Flights involving Super Puma helicopters are set to return to the air after the Civil Aviation Authority (CAA) said it did not believe last weekend’s tragic accident was caused by technical problems.
Eight days ago four people – Duncan Munro, Sarah Darnley, Gary McCrossan and George Allison – lost their lives when a Super Puma ditched into the sea just south of Sumburgh.
It was the fifth incident involving Super Puma helicopters in the North Sea in the past four years.
RMT transport union figurehead Bob Crow told national radio there was “no reason” to believe the crash was mechanical.
Mr Crow said the decision to start flying had to weigh up “the pressures on individuals who are stranded on rigs and want to get back, or who’ve been away from work for two to three weeks”.
Helicopter safety body the HSSG said on Friday that there were nearly 16,000 people offshore, and more than 250 had spent in excess of three weeks offshore.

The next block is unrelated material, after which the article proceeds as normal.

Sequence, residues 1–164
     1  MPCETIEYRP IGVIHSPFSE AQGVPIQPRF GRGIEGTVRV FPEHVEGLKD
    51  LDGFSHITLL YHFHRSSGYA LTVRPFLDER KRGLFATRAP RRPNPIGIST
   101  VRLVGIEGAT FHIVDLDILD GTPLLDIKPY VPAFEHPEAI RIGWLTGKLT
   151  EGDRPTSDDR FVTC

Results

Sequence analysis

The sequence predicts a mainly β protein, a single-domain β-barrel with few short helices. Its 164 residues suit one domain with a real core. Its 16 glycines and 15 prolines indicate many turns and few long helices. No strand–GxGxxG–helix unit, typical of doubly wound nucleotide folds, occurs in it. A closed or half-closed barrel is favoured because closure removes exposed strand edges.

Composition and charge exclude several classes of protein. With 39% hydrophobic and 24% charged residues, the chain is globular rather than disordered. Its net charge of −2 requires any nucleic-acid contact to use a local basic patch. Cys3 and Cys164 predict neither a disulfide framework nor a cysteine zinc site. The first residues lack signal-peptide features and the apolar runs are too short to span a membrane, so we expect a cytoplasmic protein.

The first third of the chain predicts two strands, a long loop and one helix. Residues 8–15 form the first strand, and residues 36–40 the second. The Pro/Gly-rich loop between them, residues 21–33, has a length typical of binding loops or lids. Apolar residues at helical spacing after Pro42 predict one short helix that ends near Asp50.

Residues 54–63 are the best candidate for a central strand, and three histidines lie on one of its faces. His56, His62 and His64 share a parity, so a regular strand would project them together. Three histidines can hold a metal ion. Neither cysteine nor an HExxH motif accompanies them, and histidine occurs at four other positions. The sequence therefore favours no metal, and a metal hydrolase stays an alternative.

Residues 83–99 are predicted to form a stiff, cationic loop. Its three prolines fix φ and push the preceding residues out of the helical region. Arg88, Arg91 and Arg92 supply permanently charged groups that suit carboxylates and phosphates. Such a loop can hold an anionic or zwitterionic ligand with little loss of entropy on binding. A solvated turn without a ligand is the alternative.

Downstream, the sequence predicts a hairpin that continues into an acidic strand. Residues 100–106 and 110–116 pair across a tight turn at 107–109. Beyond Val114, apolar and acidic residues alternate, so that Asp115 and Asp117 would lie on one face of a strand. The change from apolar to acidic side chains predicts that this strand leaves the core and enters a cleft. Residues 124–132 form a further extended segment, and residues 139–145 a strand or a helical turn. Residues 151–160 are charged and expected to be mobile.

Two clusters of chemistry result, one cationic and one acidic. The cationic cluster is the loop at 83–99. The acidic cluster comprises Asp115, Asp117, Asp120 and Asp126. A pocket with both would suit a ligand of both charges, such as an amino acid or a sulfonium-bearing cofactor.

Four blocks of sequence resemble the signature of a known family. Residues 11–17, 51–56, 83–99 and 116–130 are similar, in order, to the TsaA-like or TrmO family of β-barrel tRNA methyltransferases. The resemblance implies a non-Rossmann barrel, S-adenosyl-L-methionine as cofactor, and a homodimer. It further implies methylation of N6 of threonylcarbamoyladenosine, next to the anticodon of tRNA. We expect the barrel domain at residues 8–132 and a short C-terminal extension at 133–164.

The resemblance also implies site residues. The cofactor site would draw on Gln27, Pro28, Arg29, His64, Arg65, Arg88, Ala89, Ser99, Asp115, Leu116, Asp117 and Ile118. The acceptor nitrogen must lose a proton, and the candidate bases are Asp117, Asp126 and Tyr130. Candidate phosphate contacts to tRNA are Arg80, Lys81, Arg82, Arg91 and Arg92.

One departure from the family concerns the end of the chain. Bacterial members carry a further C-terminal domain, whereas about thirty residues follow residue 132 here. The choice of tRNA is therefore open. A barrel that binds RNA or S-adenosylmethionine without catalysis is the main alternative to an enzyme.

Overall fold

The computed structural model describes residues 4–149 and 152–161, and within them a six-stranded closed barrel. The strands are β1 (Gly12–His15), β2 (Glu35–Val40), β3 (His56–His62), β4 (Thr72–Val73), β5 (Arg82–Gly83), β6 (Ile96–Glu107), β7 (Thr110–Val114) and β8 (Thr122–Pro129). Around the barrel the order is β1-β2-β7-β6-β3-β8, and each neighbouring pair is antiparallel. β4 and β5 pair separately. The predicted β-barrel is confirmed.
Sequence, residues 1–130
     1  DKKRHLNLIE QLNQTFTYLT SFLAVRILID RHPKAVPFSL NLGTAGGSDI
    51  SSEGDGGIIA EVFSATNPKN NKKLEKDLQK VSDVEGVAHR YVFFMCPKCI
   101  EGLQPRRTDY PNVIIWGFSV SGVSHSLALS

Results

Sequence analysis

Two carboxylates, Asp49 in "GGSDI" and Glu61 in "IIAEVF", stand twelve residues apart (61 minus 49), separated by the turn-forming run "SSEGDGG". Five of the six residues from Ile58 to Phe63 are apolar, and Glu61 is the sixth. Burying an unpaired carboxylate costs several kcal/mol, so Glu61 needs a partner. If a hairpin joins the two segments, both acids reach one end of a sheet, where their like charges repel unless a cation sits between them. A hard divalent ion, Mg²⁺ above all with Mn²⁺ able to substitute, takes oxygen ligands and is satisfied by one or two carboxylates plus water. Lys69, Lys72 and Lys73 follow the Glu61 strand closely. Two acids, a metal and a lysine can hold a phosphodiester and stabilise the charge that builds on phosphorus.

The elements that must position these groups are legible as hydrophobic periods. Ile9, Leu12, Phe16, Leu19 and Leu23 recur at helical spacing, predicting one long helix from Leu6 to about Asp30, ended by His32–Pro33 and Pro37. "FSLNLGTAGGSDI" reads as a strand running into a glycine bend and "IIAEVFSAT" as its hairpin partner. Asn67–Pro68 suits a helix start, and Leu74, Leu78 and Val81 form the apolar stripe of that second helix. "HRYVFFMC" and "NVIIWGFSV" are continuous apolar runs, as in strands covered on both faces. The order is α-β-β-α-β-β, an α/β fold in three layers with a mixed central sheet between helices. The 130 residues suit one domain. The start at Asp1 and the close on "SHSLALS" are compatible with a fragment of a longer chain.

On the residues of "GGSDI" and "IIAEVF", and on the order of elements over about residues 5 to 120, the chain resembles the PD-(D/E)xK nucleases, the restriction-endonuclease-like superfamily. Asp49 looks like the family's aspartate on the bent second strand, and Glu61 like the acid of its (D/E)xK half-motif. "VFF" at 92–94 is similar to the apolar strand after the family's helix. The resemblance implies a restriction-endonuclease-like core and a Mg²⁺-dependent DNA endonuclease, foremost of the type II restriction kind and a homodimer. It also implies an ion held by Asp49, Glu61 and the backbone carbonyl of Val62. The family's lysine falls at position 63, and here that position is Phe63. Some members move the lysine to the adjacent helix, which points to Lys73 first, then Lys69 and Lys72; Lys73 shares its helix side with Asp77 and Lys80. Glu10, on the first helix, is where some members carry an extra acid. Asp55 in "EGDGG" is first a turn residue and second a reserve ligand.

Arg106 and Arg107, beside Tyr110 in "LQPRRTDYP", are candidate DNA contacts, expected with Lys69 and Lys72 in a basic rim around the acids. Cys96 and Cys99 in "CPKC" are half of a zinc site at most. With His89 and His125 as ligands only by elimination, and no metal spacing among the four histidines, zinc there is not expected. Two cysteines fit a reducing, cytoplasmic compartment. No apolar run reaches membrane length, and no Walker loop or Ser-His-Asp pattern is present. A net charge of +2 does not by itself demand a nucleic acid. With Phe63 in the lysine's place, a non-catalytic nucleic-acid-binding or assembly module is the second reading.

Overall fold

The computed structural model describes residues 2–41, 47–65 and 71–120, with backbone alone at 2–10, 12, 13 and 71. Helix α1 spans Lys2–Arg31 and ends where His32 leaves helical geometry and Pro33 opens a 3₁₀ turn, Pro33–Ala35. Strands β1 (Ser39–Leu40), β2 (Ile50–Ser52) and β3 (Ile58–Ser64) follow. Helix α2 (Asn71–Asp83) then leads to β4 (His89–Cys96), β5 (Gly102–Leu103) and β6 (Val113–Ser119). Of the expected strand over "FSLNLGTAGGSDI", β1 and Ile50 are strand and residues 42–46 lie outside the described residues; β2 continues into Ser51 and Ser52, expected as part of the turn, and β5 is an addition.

A CAA spokesman said that, while it was right that Super Puma operations were suspended following the 23rd August incident, “based on all the information currently available, we do not believe that the accident was caused by an airworthiness or technical problem”.
After its experts discussed the matter with the Air Accident Investigation Branch (AAIB), the helicopter operators and European and Norwegian safety regulators, the CAA now believes the decision to resume flights “is appropriate”.
“We would not allow a return to service unless we were satisfied that it was safe to do so,” the CAA spokesman said. “We will review the position if any new evidence comes to light.”
The black box, containing voice and flight data recorder from the crashed helicopter, was recovered late on Thursday and is being analysed by investigators at AAIB’s Farnborough headquarters.